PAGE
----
“Today’s announcement by the Department of Water Resources should be a wake-up call to all Californians that our water supply system is broken. More than 750,000 acres of farmland in the State Water Project service area will once again face severe water shortages.
“Land that could have been planted to grow fresh produce will lie fallow. Consumers who shop for California farm products may instead find fewer choices at the grocery store, higher prices, or produce grown outside of the country. This announcement comes at the same time a report released by the Department of Pesticide Regulation reaffirmed an almost 100 percent pesticide residue compliance record for California-grown produce. California farm products are safe.
“This cannot continue. We must find a way to update our aging water infrastructure and improve water supply reliability to farms, homes and businesses. In the short term federal fishery agencies can legally exercise their discretion on the limits they set so that we can capture the water when it is available. And the Bay Delta Conservation Plan proposal by Governor Brown is expected to achieve further water supply reliability for 25 million Californians and millions of acres of productive farmland.”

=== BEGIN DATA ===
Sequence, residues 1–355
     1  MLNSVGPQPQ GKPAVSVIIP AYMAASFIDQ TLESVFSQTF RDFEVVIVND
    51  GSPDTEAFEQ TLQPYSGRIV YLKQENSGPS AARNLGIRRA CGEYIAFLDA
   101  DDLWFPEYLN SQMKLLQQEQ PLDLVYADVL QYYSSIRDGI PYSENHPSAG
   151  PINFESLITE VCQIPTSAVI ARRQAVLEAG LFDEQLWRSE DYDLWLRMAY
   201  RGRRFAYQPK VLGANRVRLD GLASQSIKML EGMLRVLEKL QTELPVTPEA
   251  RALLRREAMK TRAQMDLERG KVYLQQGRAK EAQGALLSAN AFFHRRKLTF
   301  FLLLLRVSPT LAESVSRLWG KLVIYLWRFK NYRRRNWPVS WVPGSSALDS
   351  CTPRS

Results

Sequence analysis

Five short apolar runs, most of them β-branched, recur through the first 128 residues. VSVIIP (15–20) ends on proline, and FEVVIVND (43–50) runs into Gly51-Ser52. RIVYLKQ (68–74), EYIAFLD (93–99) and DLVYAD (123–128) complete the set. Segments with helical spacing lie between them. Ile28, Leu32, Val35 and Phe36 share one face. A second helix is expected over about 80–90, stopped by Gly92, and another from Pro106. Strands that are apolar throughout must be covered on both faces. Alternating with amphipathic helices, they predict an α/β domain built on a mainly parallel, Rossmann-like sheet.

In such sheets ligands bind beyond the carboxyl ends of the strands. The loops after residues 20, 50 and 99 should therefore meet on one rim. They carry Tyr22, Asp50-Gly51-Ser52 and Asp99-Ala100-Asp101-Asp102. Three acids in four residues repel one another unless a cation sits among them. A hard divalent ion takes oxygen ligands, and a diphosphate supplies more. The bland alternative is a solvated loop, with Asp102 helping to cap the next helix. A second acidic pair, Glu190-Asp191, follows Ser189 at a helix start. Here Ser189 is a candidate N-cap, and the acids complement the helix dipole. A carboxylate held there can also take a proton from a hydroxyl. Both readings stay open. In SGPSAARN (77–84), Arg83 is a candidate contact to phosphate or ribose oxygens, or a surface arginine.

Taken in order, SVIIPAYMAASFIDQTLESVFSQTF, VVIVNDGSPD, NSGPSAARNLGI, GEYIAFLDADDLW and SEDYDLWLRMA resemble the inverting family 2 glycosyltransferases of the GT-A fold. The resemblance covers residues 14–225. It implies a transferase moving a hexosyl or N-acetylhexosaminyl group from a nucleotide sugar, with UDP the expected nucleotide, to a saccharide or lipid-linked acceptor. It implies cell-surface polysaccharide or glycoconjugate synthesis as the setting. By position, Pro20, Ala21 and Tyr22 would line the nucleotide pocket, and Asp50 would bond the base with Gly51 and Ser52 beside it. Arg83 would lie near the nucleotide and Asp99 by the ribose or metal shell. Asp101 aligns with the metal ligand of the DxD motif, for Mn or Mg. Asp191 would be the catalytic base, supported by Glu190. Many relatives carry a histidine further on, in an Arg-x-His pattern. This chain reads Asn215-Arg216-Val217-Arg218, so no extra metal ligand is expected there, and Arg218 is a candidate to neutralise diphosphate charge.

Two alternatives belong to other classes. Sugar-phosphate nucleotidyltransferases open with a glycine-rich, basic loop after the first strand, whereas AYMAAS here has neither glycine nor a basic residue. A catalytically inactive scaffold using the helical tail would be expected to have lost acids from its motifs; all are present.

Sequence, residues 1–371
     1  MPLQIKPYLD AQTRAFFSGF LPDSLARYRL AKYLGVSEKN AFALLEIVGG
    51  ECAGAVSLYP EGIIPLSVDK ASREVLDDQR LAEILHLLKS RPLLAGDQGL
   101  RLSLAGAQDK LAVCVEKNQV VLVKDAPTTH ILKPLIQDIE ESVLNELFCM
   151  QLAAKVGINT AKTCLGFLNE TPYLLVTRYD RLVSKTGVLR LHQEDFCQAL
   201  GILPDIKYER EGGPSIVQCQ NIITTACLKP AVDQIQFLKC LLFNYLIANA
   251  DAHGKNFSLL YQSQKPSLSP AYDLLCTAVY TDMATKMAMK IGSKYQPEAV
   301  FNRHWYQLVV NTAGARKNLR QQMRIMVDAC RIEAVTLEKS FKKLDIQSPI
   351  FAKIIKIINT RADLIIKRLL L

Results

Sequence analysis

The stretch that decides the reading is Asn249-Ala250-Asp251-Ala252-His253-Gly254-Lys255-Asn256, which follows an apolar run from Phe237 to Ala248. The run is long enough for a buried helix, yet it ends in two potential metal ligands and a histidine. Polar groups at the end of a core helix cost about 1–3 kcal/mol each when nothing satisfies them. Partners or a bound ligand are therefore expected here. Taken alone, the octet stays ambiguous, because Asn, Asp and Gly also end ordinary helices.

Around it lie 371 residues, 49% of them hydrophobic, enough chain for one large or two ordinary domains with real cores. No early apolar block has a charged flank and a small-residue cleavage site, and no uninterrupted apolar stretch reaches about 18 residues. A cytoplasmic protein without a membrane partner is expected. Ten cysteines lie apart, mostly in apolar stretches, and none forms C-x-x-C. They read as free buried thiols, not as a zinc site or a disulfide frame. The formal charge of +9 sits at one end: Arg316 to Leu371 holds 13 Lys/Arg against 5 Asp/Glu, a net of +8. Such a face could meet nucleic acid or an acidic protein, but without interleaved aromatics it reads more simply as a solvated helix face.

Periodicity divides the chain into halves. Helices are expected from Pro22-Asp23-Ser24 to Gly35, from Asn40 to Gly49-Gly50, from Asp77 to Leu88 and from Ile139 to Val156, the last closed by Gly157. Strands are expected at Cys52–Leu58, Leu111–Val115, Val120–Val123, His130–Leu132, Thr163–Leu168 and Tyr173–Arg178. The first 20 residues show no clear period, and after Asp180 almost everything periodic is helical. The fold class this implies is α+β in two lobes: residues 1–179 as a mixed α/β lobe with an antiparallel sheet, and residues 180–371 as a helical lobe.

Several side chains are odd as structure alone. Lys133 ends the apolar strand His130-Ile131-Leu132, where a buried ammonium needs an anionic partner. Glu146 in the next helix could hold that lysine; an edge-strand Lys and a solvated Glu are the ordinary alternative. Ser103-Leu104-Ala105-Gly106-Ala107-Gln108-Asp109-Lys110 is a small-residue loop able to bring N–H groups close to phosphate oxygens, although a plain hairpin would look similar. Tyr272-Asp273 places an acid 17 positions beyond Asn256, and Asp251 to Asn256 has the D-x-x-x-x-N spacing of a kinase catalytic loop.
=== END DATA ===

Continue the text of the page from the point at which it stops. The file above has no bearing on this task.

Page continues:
From the Southern California Water Committee:
Today, the California Department of Water Resources announced that the water agencies who receive water from the State Water Project will receive five percent of their allocated water supplies. These agencies serve 25 million people, businesses and farms and many rely on State Water Project as a primary source of water. In Southern California, about 30 percent of our water comes from the State Water Project. The allocation announced today is an initial forecast, and may change as we move through the winter. However, this is only the second time in history the initial forecast has been so low. It underscores the need for us to modernize our water delivery system so that we have more reliable water supplies and more flexible water operations. It also underscores the need for Californians to keep conservation a priority year-round. Actions are underway now to revamp the state’s water system through the Bay Delta Conservation Plan, and while that is extremely important for stabilizing water supplies, we are also continuing to expand local water supplies through stormwater capture projects, water recycling and more.